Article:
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Mesa La Caguama
Basic information Name: Mesa La Caguama
     This is an OFFICIAL meteorite name.
Abbreviation: There is no official abbreviation for this meteorite.
Observed fall: No
Year found: 1971
Country: Mexico
Mass:help 6.9 kg
Classification
  history:
Meteoritical Bulletin:  MB 105  (2016)  Iron, IAB-MG
Recommended:  Iron, IAB-MG    [explanation]

This is 1 of 113 approved meteorites classified as Iron, IAB-MG.   [show all]
Search for other: IAB complex irons, Iron meteorites, and Metal-rich meteorites
Comments: Approved 27 Jun 2016
Writeuphelp
Writeup from MB 105:

Mesa La Caguama        27°35’N, 113°4’W

Baja California Sur, Mexico

Find: 1971

Classification: Iron meteorite (IAB-MG)

History: An "extremely heavy rock" was found by Francisco Arce Arce in 1971. It was discovered along a burro trail between Rancho San Gregorio and the dirt road that leads to Rancho San Francisco, off the paved road to San Ignacio. Noting the unusual density of the rock, Mr. Arce Arce believed that it might be something special. In 1991, Richard and Alice Gross were revisiting the area after an earlier tour, were shown the object, and, on a later trip in 2003, brought it to the US in the hope of confirming its extraterrestrial nature, and to sell it on behalf of Mr. Arce Arce. The specimen was brought to Michael Blood, who brokered the sale of the iron to the Utas Meteorite Collection.

Physical characteristics: The meteorite weighed 6897 g when found. The flattened, irregular mass is differentially weathered due to its position in the ground: one side of the iron is relatively smooth, while the other exhibits numerous larger, more sharply defined regmaglypts. Several of the promontories show crude saw and hammer marks: evidence of failed attempts to remove samples. Two ~1-2 cm. sulfide inclusions are visible on the surface of the iron.

Petrography: (J.T. Wasson, UCLA) Relatively fresh iron. Few inclusions; one phosphide 1.5 × 0.2 mm, a few smaller ones. Kamacite bandwidth is 1.8±0.3 mm, thus Og. A 1-2 mm-thick heat-altered rim is visible along one edge of the cut face.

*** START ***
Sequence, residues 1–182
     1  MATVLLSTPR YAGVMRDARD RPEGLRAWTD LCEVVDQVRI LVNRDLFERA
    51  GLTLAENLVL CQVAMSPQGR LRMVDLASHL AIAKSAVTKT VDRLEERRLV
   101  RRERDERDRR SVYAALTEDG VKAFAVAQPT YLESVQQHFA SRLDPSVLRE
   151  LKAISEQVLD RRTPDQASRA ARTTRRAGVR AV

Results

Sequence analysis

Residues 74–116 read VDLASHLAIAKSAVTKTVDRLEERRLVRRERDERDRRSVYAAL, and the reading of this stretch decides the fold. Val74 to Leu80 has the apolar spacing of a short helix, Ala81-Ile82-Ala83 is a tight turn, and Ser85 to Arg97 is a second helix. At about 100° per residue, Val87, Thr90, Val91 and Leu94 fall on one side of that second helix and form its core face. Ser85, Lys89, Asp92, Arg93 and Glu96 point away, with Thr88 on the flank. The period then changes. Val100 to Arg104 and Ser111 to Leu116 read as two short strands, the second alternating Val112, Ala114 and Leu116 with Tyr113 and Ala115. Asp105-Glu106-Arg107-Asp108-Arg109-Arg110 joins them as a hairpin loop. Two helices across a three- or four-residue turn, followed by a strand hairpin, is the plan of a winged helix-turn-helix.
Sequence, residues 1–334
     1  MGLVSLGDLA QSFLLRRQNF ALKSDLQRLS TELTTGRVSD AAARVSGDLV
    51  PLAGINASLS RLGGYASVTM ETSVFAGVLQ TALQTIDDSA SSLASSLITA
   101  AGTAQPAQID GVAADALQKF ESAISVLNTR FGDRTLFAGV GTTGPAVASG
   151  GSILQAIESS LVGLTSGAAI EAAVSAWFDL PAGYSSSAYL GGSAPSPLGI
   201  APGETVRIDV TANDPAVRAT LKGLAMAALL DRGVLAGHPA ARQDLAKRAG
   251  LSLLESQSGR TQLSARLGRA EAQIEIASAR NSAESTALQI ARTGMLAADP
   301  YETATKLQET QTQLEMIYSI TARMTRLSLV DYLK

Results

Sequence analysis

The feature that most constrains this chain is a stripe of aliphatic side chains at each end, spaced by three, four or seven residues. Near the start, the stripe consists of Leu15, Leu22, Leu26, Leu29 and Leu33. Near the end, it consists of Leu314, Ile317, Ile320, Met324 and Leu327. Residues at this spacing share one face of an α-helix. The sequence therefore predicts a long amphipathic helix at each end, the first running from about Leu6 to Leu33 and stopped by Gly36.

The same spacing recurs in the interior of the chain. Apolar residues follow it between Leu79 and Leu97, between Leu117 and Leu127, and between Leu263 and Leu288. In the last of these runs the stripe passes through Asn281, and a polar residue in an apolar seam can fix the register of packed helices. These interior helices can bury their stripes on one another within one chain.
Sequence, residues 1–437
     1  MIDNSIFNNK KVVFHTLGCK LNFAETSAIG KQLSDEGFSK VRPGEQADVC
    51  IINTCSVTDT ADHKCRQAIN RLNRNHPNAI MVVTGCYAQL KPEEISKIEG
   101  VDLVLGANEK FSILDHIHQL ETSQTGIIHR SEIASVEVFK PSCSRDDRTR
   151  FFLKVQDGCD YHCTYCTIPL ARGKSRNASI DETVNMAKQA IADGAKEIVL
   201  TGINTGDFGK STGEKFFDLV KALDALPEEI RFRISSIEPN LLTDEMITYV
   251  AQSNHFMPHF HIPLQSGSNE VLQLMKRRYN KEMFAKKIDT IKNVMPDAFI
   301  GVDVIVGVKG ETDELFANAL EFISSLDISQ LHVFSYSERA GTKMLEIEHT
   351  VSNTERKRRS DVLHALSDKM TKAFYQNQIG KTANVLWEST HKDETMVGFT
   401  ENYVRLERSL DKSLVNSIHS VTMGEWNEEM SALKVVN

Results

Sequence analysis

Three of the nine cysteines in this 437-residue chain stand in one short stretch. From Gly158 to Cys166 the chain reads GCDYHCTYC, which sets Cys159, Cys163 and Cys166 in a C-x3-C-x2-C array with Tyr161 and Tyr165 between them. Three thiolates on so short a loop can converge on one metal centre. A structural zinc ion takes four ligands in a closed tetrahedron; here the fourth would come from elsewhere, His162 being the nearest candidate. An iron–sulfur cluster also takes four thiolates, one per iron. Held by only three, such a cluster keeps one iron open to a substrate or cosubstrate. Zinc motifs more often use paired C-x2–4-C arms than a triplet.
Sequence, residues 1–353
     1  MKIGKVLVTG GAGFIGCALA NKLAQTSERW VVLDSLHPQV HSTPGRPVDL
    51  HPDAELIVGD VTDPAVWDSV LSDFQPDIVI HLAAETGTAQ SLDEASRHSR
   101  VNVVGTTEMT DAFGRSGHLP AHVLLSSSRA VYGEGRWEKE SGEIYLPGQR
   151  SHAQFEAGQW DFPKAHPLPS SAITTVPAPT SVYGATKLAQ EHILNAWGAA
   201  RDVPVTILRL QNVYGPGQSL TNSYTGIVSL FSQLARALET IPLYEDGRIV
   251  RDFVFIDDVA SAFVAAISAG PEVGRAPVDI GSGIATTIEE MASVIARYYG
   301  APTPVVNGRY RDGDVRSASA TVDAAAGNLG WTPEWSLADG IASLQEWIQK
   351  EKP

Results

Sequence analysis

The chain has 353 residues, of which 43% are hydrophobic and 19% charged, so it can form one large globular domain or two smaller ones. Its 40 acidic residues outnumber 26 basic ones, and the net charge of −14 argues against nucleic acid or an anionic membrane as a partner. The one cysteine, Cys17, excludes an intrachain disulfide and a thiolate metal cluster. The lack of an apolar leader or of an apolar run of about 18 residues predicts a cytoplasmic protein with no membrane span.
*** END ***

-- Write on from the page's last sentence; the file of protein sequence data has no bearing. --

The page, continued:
Geochemistry: Composition: 4.59 mg/g Co, 68.6 mg/g Ni, 94.3 μg/g Ga, 473 μg/g Ge, 10.3 μg/g As, 2.16 μg/g Ir, and 1.431 μg/g Au. Based on the composition and structure, this a member of the IAB main group. It falls near the low-Au end of the group. Its nearest relatives are Allan Hills 76002, Cosby's Creek, Morasko, and New Leipzig, but it is compositionally resolved from all of these.

Classification: Iron, IAB-MG

Specimens: Only one specimen known.

Data from:
  MB105
  Table 0
  Line 0:
State/Prov/County:Baja California Sur
Date:1971
Latitude:27°35'N
Longitude:113°4'W
Mass (g):6897
Pieces:1
Class:Iron, IAB-MG
Classifier:J. T. Wasson, UCLA
Type spec mass (g):38.6
Type spec location:UCLA
Main mass:Utas
Finder:Francisco Arce Arce
Comments:Submitted by J. T. Wasson
Institutions
   and collections
UCLA: Institute of Geophysics and Planetary Physics, University of California, Los Angeles, CA 90095-1567, United States (institutional address; updated 17 Oct 2011)
Catalogs:
References: Published in Meteoritical Bulletin, no. 105, MAPS 52, 2411, September 2017. http://onlinelibrary.wiley.com/doi/10.1111/maps.12944/full
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Geography:

Mexico
Coordinates:
     Recommended::   (27° 35'N, 113° 4'W)

Statistics:
     This is 1 of 4 approved meteorites from Baja California Sur, Mexico
     This is 1 of 111 approved meteorites from Mexico (plus 4 unapproved names) (plus 1 impact crater)
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